The parlor was red in the fading light, and the hall beyond the sliding doors was deeply shadowed. In the sewing room, he remembered, in the drawers of the treadle machine the radio was captured. The rings and secret manuals of the days when radio had been alive. He hadn't looked over those things in some little time.

He looked up the shadowed stairway. He remembered the night, a few weeks before Christmas when he had been twelve and really too old to believe, his mother had said she was going up to see if Santa Claus had left any packages around a bit early. They often gave him his presents early, since they were never quite sure he would live until Christmas.

But his mother had been playing a trick on him. She hadn't been going up after packages. She had gone up those stairs to murder his father.

She had shot him in the back of the head with his Army Colt .45 from the first war. Collins never quite understood why the hole in back was so neat and the one in front where it came out was so messy.

After he went to live with Aunt Amy and the house had been boarded up, he heard them talking, Aunt Amy and her boy friend, fat Uncle Ralph. And they had said his mother had murdered his father because he had gone ahead and made her get pregnant again and she was afraid it would be another one like Sam.

Sam Collins knew she must have planned it a long time in advance. She had filled up the bathtub with milk, real milk, and she went in after she had done it and took a bath in the milk. Then she slit her wrists.

When Sam Collins had run down the stairs, screaming, and barged into the bathroom, he had found the tub looking like a giant stick of peppermint candy.

Aunt Amy had been good to him.

Because he didn't talk for about a year after he found the bodies, most people thought he was simple-minded. But Aunt Amy had always treated him just like a regular boy. That was embarrassing sometimes, but still it was better than what he got from the others.

The doctor hadn't wanted to perform the operation on his clubfoot. He said it would be an unproductive waste of his time and talent, that he owed it to the world to use them to the very best advantage. Finally he agreed. The operation took about thirty seconds. He stuck a knife into Sam's foot and went snick-snick. A couple of weeks later, his foot was healed and it was just like anybody else's. Aunt Amy had paid him $500 in payments, only he returned the money order for the last fifty dollars and wished them Merry Christmas.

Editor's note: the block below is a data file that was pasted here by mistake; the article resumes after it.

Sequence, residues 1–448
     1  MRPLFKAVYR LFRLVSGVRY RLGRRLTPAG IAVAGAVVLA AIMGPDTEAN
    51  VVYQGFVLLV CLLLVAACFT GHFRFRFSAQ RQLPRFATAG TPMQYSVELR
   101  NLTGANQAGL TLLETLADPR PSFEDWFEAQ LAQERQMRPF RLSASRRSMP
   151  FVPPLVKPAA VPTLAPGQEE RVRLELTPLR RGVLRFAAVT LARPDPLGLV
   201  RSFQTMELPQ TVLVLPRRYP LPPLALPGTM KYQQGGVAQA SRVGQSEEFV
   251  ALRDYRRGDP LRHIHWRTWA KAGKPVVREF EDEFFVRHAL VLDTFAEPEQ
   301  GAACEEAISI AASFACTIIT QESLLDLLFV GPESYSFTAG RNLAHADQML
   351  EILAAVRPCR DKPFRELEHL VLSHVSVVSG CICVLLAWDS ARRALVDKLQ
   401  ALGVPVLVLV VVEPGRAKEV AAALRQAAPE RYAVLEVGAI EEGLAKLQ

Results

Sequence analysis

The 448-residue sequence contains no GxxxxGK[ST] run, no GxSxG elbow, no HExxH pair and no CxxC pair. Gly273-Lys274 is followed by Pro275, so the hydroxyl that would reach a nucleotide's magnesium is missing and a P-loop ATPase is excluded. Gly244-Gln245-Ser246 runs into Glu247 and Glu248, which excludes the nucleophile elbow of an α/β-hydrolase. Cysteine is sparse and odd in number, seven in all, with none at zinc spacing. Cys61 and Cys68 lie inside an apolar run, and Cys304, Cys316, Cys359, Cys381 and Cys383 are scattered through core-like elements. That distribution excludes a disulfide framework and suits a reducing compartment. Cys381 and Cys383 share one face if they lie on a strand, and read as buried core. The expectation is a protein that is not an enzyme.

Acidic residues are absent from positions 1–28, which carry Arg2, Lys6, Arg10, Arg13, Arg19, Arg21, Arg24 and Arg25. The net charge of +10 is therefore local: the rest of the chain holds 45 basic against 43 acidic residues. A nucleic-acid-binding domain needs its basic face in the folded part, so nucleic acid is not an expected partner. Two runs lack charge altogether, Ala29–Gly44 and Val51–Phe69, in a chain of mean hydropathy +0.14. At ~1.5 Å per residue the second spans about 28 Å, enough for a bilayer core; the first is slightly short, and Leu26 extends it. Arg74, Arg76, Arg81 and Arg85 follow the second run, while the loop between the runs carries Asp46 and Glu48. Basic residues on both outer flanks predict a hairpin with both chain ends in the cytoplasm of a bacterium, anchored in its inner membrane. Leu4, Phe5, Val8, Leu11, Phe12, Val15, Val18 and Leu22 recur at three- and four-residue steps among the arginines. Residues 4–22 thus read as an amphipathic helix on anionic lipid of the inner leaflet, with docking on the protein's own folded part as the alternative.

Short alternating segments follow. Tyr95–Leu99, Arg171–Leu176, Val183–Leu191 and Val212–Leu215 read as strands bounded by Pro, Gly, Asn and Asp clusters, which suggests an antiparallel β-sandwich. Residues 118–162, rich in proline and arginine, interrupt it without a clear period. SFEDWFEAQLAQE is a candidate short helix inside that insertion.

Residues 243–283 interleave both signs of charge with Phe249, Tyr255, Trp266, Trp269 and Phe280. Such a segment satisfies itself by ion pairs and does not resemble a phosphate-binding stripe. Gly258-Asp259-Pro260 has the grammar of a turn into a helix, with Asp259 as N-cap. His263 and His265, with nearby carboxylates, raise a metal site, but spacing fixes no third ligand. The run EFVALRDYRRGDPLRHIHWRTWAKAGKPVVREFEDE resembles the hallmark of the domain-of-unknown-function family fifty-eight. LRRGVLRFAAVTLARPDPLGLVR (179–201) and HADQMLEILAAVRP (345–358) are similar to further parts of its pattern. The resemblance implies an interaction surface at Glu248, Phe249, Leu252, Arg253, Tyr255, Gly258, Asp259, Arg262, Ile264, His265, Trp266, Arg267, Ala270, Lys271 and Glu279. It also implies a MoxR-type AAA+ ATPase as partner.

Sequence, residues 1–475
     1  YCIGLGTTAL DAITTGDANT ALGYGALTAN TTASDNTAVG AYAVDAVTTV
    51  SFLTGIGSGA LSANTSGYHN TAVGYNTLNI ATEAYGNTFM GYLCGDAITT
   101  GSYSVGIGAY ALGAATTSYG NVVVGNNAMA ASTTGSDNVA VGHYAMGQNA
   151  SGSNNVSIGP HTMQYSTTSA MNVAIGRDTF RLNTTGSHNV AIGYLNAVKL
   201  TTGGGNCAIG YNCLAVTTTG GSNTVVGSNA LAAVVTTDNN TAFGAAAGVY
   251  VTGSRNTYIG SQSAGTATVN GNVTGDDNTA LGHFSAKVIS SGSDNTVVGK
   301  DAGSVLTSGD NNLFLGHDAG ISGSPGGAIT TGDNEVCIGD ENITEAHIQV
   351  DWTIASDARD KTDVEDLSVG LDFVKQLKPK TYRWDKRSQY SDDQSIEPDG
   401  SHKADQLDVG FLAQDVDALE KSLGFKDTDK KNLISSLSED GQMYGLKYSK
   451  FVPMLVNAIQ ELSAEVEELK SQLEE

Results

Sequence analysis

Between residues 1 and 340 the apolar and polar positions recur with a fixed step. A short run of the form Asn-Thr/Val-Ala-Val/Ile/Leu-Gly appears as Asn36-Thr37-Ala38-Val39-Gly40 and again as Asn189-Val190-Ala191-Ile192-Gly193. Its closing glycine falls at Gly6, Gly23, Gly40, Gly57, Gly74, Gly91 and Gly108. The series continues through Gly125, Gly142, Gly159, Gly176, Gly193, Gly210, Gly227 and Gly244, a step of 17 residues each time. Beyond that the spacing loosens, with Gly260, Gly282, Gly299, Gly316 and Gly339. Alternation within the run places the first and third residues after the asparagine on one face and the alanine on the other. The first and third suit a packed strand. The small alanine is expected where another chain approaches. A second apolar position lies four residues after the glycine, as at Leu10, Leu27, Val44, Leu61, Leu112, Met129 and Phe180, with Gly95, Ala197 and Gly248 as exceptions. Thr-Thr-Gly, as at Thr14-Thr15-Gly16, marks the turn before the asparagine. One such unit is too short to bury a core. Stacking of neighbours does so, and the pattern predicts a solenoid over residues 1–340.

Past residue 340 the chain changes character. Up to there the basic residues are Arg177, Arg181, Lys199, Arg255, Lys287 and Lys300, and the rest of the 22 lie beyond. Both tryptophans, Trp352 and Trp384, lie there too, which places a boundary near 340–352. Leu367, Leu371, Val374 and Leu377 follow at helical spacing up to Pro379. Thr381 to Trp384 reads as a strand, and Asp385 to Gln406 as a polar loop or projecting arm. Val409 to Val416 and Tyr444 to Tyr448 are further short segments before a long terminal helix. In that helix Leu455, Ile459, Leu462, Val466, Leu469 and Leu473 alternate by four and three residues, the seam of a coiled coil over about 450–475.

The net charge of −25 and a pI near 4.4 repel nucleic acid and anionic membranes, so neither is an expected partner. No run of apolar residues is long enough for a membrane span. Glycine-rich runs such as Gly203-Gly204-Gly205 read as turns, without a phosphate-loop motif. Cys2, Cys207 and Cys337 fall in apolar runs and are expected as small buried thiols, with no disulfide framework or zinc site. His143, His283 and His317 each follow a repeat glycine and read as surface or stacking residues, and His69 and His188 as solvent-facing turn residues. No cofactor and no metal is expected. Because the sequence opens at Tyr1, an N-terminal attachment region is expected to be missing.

Sam Collins could work after that. When Aunty Amy and Uncle Ralph disappeared, he opened up the old house and started doing odd jobs for people who weren't very afraid of him any more.

That first day had been quite a shock, when he discovered that not in all these years had anybody cleaned the bathtub.

Sometimes, when he was taking his Saturday night soaker he still got kind of a funny feeling. But he knew it was only rust from the faucets.

Collins sighed. It seemed like a long time since he had seen his mother coming down those stairs….

He stopped, his throat aching with tightness.

Something was very strange.

His mother was coming down the stairs right now.

She was walking down the stairs, one step, two steps, coming closer to him.

Collins ran up the stairs, prepared to run through the phantom to prove it wasn't there.

The figure raised a gun and pointed it at him.

This time, she was going to shoot him.

It figured.

He always had bad luck.

"Stop!" the woman on the stairs said. "Stop or I'll shoot, Mr. Collins!"

Collins stopped, catching to the bannister. He squinted hard, and as a stereoptic slide lost its depth when you shut one eye, the woman on the stairs was no longer his mother. She was young, pretty, brunette and sweet-faced, and the gun she held shrunk from an old Army Colt to a .22 target pistol.

"Who are you?" Collins demanded.

The girl took a grip on the gun with both hands and held it steady on him.

"I'm Nancy Comstock," she said. "You tried to assault my mother a half hour ago."

"Oh," he said. "I've never seen you before."

"Yes, you have. I've been away to school a lot, but you've seen me around. I've had my eye on you. I know about men like you. I know what has to be done. I came looking for you in your house for this."

The bore of the gun was level with his eye as he stood a few steps below her. Probably if she fired now, she would kill him. Or more likely he would only be blinded or paralyzed; that was about his luck.

"Are you going to